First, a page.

From Academic Kids

A furnace is a device for heating air or any other fluid. In British English the term is used exclusively to mean industrial furnaces which are used for many things, such as the extraction of metal from ore (smelting) or in oil refineries and other chemical plants, for example as the heat source for fractional distillation columns.

Elsewhere, primarily in North America, the term is also used to describe household heating systems based on a central furnace (known either as a boiler or a heater in British English), and sometimes as a synonym for the device (a kiln) used to fire clay to produce ceramics.

Typically the heat is produced from the direct combustion of some fuel, although it may use remotely generated electricity (solar power).

A furnace can also be known as a direct fired heater, used in boiler applications in chemical industries or for providing heat to chemical reactions for processes like cracking. Anyone interested in furnaces should go to the website, Heater Design (http://www.heaterdesign.com/design0.htm). This might be more suitable for aspiring fired heater engineers.


Household Furnaces

A household furnace is major appliance that is permanently installed to provide heat to an interior space through intermediary fluid movement, which may be air, steam, or hot water. The most common fuel source for modern furnaces in the United States is natural gas, other common fuel sources include LPG (liquefied petroleum gas), fuel oil, coal or wood. In some cases electrical resistance heating is used as the source of heat.

Combustion furnaces always need to be vented to the outside. Traditionally, this was through a chimney with a large fraction of the energy of the fuel lost through the chimney. Modern high-efficiency furnaces can be 98% efficient and operate without a chimney. The small amount of waste gas and heat are mechanically ventillated through a small tube through the side of the house.

Modern household furnaces are classified as condensing or non-condensing based on their efficiency in extracting heat from the exhaust gases. Furnaces with efficiencies greater than approximately 89% extract so much heat from the exhaust that water vapor in the exhaust condenses. Such furnaces must be designed to avoid the corrosion that this (highly acidic) condensate might cause. However, if you avoid the common mistakes, condensing furnaces typically can deliver heating savings of 20%-35% assuming the old furnace was in the 60% Annual Fuel Utilization Efficiency (AFUE) range.

Heat Distribution

The heat is transferred from the furnace through an intermediary distribution system. If the distribution is through hot water (or other fluid) or through steam, then the furnace is more commonly termed a boiler.

A condensing furnace.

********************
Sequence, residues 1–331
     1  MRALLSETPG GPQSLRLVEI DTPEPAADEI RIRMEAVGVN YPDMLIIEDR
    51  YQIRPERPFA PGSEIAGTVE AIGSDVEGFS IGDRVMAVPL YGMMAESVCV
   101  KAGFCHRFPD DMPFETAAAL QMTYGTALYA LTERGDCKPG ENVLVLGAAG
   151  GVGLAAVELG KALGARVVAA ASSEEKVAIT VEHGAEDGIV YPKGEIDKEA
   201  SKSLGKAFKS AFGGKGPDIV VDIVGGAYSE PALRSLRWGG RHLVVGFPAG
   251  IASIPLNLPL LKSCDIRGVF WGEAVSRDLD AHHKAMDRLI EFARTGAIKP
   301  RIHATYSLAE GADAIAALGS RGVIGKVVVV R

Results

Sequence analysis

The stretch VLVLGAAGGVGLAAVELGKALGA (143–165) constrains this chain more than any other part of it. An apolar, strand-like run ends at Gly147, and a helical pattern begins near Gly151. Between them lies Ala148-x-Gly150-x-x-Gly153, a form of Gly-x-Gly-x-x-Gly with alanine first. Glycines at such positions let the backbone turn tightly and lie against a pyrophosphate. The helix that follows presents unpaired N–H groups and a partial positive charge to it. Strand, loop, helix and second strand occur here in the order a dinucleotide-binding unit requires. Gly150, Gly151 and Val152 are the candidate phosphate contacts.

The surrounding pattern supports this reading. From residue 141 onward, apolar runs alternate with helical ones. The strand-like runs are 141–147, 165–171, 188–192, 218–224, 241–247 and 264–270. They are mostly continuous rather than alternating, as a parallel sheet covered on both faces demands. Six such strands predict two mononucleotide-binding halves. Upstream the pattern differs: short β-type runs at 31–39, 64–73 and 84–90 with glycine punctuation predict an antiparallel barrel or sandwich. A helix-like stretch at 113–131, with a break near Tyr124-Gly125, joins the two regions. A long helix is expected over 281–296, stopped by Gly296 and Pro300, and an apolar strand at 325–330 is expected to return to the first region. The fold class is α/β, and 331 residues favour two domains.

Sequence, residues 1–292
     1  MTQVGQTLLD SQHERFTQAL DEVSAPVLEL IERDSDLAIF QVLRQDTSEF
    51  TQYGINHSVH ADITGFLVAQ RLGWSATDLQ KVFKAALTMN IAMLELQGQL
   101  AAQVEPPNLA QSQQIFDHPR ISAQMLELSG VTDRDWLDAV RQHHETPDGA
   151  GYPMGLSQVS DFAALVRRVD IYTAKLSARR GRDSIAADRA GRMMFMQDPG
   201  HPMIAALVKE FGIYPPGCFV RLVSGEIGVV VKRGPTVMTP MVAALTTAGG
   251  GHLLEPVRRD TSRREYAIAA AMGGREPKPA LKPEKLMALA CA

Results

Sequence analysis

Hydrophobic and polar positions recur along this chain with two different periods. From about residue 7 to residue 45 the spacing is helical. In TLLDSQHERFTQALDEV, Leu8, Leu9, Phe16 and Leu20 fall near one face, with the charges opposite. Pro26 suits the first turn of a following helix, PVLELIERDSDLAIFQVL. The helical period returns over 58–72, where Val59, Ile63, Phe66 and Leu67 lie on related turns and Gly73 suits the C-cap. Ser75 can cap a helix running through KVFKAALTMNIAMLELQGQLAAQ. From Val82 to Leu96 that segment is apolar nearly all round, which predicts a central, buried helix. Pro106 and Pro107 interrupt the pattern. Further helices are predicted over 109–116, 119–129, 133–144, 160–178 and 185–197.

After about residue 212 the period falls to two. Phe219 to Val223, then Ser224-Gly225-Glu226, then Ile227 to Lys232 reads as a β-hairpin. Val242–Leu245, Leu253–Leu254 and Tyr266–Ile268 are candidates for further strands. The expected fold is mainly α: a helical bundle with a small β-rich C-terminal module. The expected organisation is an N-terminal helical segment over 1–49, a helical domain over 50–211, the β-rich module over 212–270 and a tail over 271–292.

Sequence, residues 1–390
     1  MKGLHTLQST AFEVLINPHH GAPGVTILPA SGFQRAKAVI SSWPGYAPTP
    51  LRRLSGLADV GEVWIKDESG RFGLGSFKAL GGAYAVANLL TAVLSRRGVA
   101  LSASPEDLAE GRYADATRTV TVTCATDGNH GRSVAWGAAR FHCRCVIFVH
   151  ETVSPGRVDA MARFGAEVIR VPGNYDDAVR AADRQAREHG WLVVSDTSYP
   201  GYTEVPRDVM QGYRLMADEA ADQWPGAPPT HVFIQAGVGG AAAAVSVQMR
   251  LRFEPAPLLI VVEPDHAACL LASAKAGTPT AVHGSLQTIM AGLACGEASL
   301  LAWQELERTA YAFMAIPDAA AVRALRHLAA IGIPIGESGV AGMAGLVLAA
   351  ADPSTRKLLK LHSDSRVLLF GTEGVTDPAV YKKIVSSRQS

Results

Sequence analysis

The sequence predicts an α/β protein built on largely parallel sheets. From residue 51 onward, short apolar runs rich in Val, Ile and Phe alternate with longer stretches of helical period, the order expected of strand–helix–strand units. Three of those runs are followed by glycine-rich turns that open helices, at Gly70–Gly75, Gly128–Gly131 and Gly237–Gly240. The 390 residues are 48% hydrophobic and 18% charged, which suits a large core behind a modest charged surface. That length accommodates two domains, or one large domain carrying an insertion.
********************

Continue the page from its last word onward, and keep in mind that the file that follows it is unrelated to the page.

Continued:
A condensing furnace.

Most modern furnace installations in the United States used forced-air heat, where ductwork carries air through the heat exchanger of the furnace, whence it is blown throughout the building. One major advantage of this type of system is that it enables easy installation of central air conditioning.

In such an air (convection) distribution system, a cold air return feeds the cooler incoming air into the heating chamber, where it passes into a plenum, or chamber, from which it goes into the ductwork to various parts of the building.

Air convection heating systems have been in use for over a century, but the older systems relied on a passive air circulation system where the greater density of cooler air caused it to sink into the furnace, and the lesser density of the warmed air caused it to rise in the ductwork, the two forces acting together to drive air circulation in a system termed "gravity-feed".

The following rare but difficult-to-diagnose failure can occur. Typically the warm air is moistened by re-directing part of the heated air from the air supply duct, through the humidifier.

If the furnace was installed incorrectly, the diameter of this tube may be too large, and cause an excessive amount of hot air to feed back into the furnace.

If the temperature inside the furnace exceeds a maximum threshold, a safety mechanism consisting of a thermostat will shut the furnace down.

A symptom of this failure is that the furnace consistently shuts down, even though the temperature inside the house is cold.

The solution is to reduce the diameter of the cross-feed tube, or install a baffle that reduces the volume of re-fed air.

Industrial Furnaces

Missing image

A furnace or direct fired heater, is an equipment used to provide heat for a process or can serve as reactor which provides heats of reaction. Furnace designs vary as to its function, heating duty, type of fuel and method of introducing combustion air. However, all furnaces have some common features. Basically, fuel flows into the burner and is burnt with air provided from an air blower. There can be more than one burner in a particular furnace which can be arranged in ?cells? which heat a particular set of tubes. Burners can also be floor mounted as in the picture above, wall mounted or roof mounted depending on design. The flames heat up the tubes, which in turn heat the fluid inside in the first part of the furnace known as the radiant section. In the chamber where combustion takes place, known as the firebox, the heat is transferred mainly by radiation to tubes around the fire in the chamber. The heating fluid passes through the tubes and is thus heated to the desired temperature. The gases from the combustion are known as flue gas. After the flue gas leaves the firebox, most furnace designs include a convection section where more heat is recovered before venting to the atmosphere through the stack.

Radiant section

The radiant section is where the tubes receive almost all its heat by radiation from the flame. In a vertical, cylindrical furnace, the tubes are vertical. Tubes can be vertical or horizontal, placed along the refractory wall, in the middle, etc., or arranged in cells. Studs are used to hold the insulation together and on the wall of the furnace. They are placed about 1 ft (300 mm) apart in this picture of the inside of a furnace. The tubes, which are reddish brown from corrosion, are carbon steel tubes and run the height of the radiant section. The tubes are a distance away from the insulation so radiation can be reflected to the back of the tubes to maintain a rather uniform tube wall temperature. Tube guides at the top, middle and bottom hold the tubes in place.